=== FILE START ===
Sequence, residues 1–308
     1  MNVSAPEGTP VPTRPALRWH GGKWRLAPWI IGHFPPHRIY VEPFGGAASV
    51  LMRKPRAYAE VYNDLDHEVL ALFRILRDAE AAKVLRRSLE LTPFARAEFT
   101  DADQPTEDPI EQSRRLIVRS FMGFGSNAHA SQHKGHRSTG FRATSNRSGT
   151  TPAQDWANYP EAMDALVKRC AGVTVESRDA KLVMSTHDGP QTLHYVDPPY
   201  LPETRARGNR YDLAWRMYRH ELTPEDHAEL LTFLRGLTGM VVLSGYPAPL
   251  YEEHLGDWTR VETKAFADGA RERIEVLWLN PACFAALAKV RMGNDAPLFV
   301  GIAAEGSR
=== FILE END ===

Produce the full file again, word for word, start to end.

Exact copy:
Sequence, residues 1–308
     1  MNVSAPEGTP VPTRPALRWH GGKWRLAPWI IGHFPPHRIY VEPFGGAASV
    51  LMRKPRAYAE VYNDLDHEVL ALFRILRDAE AAKVLRRSLE LTPFARAEFT
   101  DADQPTEDPI EQSRRLIVRS FMGFGSNAHA SQHKGHRSTG FRATSNRSGT
   151  TPAQDWANYP EAMDALVKRC AGVTVESRDA KLVMSTHDGP QTLHYVDPPY
   201  LPETRARGNR YDLAWRMYRH ELTPEDHAEL LTFLRGLTGM VVLSGYPAPL
   251  YEEHLGDWTR VETKAFADGA RERIEVLWLN PACFAALAKV RMGNDAPLFV
   301  GIAAEGSR